KZN FLOOD AFTERMATH
More than two months later, destitute Durban deluge victims still wait for promised housing
Elderly people and small children are among those still living in community halls in KwaZulu-Natal after the floods in April. One municipal official blamed ‘construction mafias’ for delaying plans to build temporary residential units for the homeless.
Elinah Shandu, 68, is one of dozens of elderly women who are still living in community halls after devastating floods swept through parts of KwaZulu-Natal, especially around Durban, in April.
Shandu suffers from arthritis and high blood pressure. She has been living in the Tshelimnyama Community Hall, about 23km west of Durban, since the house on the hillside she shared with nine children and grandchildren collapsed, leaving them with only the clothes on their backs.
More than 60 people, including children as young as three, are living here. They have no privacy and, with the hall’s broken windows and doors, it is bitterly cold inside.
The April floods destroyed roads, bridges and homes and displaced tens of thousands of people. At least 460 died and another 80 are still missing.
Some who lost their homes found shelter with friends and neighbours, but thousands more have been forced to live in halls, churches and community centres.
The government had promised to provide temporary housing for the flood victims, but very few of these units have been built so far.
The flood victims living in these shelters are surviving through donations of food, clothing and blankets.
Shandu’s children and grandchildren are temporarily staying with neighbours and relatives. She has to share her pension among unemployed family members so that they, too, may eat.
“Life is tough here,” she says.
“I often think about whether or not my family members have eaten. The cold that comes through the broken windows here is unbearable, especially at night.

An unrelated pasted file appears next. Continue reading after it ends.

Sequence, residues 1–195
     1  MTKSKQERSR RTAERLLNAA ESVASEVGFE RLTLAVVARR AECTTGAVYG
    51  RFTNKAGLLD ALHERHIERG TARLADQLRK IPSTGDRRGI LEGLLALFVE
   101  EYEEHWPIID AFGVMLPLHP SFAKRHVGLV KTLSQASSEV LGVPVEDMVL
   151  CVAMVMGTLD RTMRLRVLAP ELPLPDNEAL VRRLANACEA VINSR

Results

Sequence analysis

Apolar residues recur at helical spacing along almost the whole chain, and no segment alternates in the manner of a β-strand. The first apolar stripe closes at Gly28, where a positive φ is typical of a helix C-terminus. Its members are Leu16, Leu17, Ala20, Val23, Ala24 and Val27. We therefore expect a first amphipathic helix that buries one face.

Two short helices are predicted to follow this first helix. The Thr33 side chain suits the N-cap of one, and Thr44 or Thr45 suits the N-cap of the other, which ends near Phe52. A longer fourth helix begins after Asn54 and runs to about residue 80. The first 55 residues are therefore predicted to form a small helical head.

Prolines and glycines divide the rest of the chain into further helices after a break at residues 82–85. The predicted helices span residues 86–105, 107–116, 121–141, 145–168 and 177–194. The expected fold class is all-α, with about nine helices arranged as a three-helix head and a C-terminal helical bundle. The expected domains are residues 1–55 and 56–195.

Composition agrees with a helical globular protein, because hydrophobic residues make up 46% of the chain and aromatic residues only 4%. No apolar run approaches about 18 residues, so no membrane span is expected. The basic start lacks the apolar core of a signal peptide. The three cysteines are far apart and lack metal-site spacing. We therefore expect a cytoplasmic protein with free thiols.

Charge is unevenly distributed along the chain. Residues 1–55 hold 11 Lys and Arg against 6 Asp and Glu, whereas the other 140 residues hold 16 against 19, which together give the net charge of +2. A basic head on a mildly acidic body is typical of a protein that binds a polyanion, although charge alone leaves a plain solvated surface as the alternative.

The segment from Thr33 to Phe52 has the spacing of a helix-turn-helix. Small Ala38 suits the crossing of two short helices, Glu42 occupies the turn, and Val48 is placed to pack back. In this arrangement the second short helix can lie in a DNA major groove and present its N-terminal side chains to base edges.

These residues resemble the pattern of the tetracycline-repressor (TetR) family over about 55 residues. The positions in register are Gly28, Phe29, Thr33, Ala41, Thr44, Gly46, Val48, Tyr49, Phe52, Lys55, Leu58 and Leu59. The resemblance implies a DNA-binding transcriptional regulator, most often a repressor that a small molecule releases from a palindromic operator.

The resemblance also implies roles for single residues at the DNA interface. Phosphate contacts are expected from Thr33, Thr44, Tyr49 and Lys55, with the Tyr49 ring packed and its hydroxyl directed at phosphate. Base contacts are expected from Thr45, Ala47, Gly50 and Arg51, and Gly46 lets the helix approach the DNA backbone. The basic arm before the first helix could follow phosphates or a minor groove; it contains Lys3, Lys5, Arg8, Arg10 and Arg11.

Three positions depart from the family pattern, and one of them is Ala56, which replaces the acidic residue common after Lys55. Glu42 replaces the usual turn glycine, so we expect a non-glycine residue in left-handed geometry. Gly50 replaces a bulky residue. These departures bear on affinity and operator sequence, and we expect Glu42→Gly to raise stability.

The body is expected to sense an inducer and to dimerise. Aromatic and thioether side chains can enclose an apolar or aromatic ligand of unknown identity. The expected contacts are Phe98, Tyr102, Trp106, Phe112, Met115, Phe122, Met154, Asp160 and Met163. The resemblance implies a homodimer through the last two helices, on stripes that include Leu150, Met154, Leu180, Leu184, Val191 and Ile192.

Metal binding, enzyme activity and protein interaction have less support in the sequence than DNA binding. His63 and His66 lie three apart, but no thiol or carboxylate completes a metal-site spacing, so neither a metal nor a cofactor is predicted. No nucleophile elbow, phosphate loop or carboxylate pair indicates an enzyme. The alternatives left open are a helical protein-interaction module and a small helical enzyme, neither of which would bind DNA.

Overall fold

“I wish the government could build something for us in safer places so that we can come out of this hall.”
Shandu was among dozens of women living in temporary shelters after the floods who travelled to the Durban City Hall to stage a protest two weeks ago.
“We wanted to alert the authorities to our plight. At night the metro police and the SAPS came with dogs and threatened to hit us. They forced us into minibuses and took us back to the halls. How can you treat elderly people like that?
“The authorities don’t care for us.”
Nompilo Sithole, 29, who also sought temporary shelter at the community hall after the floods and was part of the Durban City Hall picket, said that during their sit-in, they heard from eThekwini municipal officials that the names of homeless flood victims did not appear on a list for vouchers and other benefits promised to displaced people.
Similar sentiments were expressed by displaced people living in the KwaDinabakubo Hall in Molweni, about 45km northwest of Durban, where 76 people whose homes were washed away in the floods have taken refuge.
According to the local councillor, 25 people from Molweni died in the floods. Six are still missing.
Displaced people at the Molweni hall, especially women, said life was tough. However, most were reluctant to speak on the record for fear of retribution.
“If we are not on the municipality’s list, it means that some crooked people took our names and changed other details so that they would benefit from our plight.
“This just shows you how low some people are prepared to go just to steal. How can you take from people who have lost their loved ones, who lost houses, who lost everything?” said one woman in her 30s.
Others said some volunteers steal donated food to sell or take to their own homes.
“They claim to be helping us, but they are stealing from us,” said one.
“When we complain about their actions to the councillors, they threaten us and swear at us, in front of the children. When we complained to the councillor, she said she will talk to them, but they continue with these actions.